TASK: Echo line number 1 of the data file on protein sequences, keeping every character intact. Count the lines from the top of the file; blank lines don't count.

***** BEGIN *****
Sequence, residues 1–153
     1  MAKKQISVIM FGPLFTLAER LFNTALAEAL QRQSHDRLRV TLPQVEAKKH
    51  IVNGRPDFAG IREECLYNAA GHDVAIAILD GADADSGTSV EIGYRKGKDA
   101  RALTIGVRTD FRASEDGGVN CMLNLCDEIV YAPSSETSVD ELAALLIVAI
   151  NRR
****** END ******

Sequence, residues 1–153